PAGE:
A: Yes. Director of Student Affairs Pat Myers is working to make clubs more visible on a statewide level. We see a lot of clubs in the Metro region, but other areas don’t know clubs exist. We need to be creative and connect more students through clubs, but collegewide. For example, if there’s a chess club in Manhattan, we can spread out that club and engage students in other areas and ultimately have a competition, statewide. And, we can incorporate academics with clubs by associating the two with a profession. This also applies to accessing faculty and, based on the area of study, finding the right mentor. If a student starts out in a science program, but down the road finds he or she is interested in a specified area, like plant biology, there might be another mentor for her or him across the state with more expertise and an overall better fit for the student. And that’s okay. We want students to connect with the right mentor. We want to see students take advantage of the whole college and we want to do that by bringing people together to make connections, whether in their area of study or through common interests, like clubs.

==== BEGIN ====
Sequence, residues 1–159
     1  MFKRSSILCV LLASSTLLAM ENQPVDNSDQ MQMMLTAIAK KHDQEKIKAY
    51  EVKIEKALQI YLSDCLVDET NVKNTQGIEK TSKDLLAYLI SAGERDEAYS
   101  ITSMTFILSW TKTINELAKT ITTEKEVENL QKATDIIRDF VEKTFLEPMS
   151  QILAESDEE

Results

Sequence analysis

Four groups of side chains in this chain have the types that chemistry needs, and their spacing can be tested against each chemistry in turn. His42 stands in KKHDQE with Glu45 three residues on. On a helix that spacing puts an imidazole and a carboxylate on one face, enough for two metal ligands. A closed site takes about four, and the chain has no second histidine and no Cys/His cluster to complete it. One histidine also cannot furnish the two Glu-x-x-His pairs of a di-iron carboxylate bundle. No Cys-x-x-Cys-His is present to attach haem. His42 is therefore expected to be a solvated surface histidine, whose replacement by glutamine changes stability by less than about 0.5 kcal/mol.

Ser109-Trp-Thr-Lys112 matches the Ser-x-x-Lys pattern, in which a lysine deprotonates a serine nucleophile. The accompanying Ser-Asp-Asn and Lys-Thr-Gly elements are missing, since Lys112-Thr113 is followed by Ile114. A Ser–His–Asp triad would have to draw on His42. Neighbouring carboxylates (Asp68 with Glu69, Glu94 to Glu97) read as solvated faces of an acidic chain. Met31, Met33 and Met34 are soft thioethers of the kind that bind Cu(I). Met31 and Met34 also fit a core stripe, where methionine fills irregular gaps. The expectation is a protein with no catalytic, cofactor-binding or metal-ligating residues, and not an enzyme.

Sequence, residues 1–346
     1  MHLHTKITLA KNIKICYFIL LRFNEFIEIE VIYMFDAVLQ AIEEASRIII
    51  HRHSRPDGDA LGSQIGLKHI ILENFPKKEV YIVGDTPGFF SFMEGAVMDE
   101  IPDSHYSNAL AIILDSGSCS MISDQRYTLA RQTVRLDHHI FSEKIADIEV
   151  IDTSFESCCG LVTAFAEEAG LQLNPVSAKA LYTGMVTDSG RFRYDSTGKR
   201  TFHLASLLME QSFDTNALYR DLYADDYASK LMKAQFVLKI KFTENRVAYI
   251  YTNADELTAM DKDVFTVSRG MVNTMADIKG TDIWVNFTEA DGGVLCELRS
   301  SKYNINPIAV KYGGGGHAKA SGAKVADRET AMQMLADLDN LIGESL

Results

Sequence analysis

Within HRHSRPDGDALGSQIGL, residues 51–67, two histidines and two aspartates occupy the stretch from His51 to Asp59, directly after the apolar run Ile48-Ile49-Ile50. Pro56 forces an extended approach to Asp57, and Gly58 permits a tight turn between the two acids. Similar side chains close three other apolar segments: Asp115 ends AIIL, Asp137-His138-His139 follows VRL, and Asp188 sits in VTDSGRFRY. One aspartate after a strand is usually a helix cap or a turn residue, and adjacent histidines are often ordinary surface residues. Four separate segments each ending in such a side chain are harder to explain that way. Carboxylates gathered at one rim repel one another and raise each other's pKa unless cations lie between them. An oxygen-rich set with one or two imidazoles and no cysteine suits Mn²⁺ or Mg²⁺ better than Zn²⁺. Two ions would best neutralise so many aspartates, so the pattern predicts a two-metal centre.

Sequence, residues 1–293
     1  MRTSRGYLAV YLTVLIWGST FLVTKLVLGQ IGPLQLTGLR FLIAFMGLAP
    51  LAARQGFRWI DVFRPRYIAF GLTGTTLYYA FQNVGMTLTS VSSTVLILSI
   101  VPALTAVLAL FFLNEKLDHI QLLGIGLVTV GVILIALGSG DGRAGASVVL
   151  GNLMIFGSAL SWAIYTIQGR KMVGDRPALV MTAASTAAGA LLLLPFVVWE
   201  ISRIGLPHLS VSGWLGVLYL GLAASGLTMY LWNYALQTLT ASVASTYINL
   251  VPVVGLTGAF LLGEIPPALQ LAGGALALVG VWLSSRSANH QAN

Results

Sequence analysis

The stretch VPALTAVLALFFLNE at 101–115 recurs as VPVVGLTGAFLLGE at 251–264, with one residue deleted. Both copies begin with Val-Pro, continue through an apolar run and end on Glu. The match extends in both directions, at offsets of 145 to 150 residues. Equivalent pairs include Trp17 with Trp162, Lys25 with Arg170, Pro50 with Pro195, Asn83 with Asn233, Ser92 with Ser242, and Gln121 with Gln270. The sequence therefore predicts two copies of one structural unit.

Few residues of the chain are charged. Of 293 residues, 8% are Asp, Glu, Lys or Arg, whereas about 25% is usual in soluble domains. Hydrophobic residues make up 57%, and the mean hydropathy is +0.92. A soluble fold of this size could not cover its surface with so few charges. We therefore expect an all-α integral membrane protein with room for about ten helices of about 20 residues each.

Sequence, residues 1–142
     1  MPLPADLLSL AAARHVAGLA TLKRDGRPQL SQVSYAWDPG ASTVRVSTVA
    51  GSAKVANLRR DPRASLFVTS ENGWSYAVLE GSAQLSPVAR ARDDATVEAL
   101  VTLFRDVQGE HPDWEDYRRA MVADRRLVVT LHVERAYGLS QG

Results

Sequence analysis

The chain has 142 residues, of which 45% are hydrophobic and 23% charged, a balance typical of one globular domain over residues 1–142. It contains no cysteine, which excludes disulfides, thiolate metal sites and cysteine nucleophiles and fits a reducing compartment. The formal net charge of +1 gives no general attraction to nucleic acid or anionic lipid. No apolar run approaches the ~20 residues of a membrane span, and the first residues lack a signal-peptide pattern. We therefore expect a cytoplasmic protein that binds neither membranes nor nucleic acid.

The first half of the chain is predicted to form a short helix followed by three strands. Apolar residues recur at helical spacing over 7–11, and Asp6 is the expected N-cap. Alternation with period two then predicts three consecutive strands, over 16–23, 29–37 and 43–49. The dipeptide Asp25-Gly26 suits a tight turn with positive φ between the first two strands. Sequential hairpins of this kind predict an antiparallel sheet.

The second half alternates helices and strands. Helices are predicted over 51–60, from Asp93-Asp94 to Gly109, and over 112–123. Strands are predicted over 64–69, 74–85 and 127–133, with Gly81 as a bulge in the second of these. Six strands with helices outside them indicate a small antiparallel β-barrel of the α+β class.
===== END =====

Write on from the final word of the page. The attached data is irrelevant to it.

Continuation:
Q: Was the new statewide college open house in June reflective of 2.0?
A: Yes. I saw it advertised on billboards, on Facebook. Before, we couldn’t do something on a statewide level, because we did things differently by geographic area. But now, we have a centralized planning piece to broadcast one event happening collegewide, which is directly part of 2.0 and the quick moves of enrollment management and how they really helped pull this together.
Q: What is “1Stop Student Services” and how will it benefit students?
A: The idea of this concept is when a student comes in to one of our locations, calls the college or inquires via email, instead of directing the inquiry to someone in a specific department, all inquiries will be handled one department. All different departments report to different people, but they’re within the chain of how things flow. Students who call one department won’t get transferred to another. Each person will be able to solve the problem for the student, covering all areas. We want the student to focus on the academic side and experience less issues with calling to resolve problems or get questions answered.